BSU to offer new scholarships aimed at “Decolonizing Education”

Bemidji State University is offering a new scholarship to American Indian students who pursue careers in education.

According to a release, BSU is partnering with the Red Lake Nation and administer $92,000 in Minnesota Indian Teaching Training Program grants.

American Indian Resource Center director Chrissy Koch revealed this year’s program slogan, “Decolonizing Education,” at a campus forum earlier this month.

She went on to explain the historical impact colonization and education has had on American Indian peoples, emphasizing the trauma it caused Indigenous nations and the affects that can still be felt today.

“When we talk about decolonizing education, we are trying to express that we want to bring Indigenous perspectives and traditions into the education realm because they were taken from us in that setting historically,” she said.

These scholarships are available to students enrolled in a federally recognized tribal nation, as well as first- or second- degree descendants of enrolled members. Each scholarship will include $1,500 in tuition dollars, $400 book stipends and $3,000 living stipends each semester.

The program will fund eight students this year – five of which are new to the program and on track to join Bemidji State’s Department of Professional Education. .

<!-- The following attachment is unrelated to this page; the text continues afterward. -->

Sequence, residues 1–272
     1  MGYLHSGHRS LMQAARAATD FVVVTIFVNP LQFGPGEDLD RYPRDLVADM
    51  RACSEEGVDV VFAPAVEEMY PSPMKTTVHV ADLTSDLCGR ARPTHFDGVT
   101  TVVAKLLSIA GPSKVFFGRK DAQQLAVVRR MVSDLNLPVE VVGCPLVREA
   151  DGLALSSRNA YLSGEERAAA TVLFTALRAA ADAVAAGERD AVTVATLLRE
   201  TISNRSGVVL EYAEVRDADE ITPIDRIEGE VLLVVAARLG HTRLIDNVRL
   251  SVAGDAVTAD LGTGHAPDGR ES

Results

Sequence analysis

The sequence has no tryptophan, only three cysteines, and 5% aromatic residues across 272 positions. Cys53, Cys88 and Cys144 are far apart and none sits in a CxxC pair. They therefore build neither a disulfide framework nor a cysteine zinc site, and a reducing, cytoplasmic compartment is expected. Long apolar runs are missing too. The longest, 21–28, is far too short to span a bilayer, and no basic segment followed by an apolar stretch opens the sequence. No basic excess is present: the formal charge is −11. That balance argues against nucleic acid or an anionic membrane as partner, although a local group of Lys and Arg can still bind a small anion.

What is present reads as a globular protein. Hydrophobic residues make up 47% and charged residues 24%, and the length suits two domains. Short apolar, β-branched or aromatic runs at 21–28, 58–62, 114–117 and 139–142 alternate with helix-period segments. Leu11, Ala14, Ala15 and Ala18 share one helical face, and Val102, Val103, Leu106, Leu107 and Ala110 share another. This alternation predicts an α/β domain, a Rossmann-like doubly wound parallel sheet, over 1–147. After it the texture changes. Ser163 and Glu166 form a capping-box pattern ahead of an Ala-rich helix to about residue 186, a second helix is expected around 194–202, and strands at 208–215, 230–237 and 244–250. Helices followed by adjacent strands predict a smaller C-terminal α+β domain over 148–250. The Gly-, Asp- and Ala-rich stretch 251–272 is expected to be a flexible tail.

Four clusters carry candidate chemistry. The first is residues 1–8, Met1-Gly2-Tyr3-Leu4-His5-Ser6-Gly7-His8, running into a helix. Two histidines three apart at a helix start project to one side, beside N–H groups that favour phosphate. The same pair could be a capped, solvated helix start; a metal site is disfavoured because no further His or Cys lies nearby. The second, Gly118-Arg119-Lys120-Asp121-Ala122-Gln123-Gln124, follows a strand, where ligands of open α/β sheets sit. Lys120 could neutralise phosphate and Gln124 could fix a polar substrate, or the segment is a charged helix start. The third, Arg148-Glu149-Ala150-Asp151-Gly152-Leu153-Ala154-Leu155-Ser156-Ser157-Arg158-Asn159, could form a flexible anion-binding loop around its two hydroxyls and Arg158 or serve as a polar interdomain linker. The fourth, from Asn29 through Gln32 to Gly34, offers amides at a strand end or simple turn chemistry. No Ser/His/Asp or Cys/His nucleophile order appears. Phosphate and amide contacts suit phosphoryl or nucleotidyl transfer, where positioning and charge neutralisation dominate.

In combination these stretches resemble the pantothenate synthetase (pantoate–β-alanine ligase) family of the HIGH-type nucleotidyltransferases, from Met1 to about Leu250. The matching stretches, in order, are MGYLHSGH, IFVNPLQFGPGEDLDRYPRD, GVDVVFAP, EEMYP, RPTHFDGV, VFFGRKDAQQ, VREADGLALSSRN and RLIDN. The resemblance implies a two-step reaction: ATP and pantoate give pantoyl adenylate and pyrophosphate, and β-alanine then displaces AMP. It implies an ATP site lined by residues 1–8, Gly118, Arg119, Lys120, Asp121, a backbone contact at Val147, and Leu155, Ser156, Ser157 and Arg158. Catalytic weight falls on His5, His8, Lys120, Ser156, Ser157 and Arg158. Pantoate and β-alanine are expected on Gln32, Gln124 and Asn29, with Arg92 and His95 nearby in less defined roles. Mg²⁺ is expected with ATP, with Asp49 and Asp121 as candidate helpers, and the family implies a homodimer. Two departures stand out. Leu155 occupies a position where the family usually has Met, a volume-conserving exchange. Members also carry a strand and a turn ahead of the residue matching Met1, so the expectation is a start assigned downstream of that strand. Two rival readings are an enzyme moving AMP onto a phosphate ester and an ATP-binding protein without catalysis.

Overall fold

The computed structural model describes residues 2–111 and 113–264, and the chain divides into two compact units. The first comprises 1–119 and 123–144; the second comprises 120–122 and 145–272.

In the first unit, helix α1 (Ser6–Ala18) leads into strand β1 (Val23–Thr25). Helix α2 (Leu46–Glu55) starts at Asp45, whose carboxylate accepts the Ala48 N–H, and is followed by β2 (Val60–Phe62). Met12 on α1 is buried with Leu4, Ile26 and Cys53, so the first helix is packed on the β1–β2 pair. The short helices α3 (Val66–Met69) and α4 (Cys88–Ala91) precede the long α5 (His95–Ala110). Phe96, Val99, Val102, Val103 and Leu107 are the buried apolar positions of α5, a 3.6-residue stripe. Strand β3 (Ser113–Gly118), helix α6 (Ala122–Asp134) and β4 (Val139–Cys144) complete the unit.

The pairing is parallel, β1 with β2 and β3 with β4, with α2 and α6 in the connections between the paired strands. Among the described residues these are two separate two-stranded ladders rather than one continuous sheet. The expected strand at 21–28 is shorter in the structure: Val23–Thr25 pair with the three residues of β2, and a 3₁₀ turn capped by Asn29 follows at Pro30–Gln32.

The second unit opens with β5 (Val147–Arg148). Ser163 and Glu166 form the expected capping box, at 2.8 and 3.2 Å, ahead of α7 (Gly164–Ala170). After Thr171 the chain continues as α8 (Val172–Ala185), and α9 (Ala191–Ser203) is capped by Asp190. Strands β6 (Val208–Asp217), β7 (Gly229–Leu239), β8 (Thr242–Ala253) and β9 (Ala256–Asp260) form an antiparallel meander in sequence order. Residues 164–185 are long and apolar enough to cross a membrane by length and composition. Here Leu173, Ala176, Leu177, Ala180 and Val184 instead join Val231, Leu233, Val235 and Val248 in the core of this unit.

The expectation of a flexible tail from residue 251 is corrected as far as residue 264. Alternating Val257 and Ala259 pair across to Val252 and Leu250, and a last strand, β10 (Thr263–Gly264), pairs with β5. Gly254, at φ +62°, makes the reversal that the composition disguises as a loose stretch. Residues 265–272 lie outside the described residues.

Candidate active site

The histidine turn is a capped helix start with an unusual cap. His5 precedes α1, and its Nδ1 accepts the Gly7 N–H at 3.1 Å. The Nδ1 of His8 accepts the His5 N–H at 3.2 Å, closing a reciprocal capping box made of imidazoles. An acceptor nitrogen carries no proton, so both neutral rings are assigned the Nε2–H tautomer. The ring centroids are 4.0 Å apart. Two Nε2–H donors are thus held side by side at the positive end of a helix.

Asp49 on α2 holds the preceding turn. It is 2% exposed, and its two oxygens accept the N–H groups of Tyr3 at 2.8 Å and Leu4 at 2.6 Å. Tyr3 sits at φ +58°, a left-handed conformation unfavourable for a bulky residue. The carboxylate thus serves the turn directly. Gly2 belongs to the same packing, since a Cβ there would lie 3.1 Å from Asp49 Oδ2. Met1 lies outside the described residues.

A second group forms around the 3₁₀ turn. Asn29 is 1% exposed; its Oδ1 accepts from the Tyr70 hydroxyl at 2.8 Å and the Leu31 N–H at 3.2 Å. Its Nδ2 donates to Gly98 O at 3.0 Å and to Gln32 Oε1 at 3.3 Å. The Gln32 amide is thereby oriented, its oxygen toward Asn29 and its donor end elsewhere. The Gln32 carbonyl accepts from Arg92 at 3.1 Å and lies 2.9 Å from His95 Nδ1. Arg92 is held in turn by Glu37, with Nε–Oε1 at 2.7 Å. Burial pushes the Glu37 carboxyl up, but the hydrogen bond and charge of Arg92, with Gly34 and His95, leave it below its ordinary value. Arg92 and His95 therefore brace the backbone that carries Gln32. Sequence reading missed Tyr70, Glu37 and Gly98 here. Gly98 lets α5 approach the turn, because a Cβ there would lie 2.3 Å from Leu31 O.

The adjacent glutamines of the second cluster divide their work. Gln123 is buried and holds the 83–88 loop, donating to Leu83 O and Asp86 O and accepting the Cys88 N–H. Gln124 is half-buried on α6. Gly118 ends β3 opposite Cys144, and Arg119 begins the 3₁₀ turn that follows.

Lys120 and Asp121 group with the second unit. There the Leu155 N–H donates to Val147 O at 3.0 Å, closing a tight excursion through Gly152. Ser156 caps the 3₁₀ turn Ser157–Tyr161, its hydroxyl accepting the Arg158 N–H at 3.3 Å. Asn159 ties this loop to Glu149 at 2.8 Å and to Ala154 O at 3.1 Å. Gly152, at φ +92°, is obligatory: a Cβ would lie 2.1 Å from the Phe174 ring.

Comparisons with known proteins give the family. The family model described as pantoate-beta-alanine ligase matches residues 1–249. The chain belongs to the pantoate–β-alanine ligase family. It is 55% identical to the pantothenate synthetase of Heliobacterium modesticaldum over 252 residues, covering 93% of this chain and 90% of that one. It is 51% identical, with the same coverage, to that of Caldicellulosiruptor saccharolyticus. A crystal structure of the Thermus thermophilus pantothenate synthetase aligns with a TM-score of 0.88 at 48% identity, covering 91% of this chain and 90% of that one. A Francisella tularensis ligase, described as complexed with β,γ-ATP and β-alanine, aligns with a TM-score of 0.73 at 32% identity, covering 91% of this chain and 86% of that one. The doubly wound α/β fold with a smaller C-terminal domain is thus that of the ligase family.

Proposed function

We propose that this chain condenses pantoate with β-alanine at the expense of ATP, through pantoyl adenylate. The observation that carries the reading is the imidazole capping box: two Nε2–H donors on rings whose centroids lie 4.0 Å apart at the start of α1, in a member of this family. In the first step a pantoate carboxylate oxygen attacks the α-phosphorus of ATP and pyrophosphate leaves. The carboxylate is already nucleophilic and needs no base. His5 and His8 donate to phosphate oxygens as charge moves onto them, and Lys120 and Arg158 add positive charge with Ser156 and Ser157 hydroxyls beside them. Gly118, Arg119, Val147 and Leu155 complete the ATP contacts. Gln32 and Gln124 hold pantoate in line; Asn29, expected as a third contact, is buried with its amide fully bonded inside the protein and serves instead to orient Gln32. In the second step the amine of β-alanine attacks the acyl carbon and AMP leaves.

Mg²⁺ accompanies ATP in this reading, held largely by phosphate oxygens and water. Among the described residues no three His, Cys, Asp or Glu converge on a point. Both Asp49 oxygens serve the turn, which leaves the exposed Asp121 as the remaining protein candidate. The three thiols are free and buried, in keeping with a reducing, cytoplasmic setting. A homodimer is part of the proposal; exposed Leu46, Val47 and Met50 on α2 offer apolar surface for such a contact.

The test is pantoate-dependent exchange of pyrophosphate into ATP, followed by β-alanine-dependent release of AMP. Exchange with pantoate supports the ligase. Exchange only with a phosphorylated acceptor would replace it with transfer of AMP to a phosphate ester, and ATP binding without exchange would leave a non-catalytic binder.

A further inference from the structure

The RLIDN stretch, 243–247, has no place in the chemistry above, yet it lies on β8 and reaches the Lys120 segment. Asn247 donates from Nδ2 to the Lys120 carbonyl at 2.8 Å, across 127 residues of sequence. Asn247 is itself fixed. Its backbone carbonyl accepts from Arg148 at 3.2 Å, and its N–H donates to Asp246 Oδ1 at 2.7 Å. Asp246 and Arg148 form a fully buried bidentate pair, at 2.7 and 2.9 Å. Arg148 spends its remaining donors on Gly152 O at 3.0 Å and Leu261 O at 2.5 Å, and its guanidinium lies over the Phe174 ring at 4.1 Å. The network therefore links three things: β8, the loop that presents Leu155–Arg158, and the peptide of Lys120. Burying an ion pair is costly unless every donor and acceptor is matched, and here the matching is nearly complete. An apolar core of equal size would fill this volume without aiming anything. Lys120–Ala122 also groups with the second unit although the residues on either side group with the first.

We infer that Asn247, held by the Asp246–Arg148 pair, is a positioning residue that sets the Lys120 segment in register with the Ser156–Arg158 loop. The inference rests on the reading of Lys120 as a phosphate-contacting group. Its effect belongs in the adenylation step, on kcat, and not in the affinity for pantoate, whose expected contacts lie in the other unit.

“We are focusing our sights on upperclassmen in the areas of Ojibwe language and Indigenous studies as requested by the Minnesota Department of Education to encourage teachers to teach Ojibwe and culture in classes,” Koch said.

“We will revisit the budget proposal next spring to determine how we can create additional scholarships for our students moving forward.”


Larissa Donovan is the News Director for the stations of Paul Bunyan Broadcasting and has been, almost without interruption, since Election Day 2016. She covers events and issues in north central Minnesota, which include local government, crime, courts, education, environment and social issues. She studied communications at Bemidji State University and received her degree in 2018. Larissa, native to the great state of New York, grew up in Bemidji, and enjoys spending her spare time with her family and pet cat. She also loves Star Trek, punk rock music and the theater.


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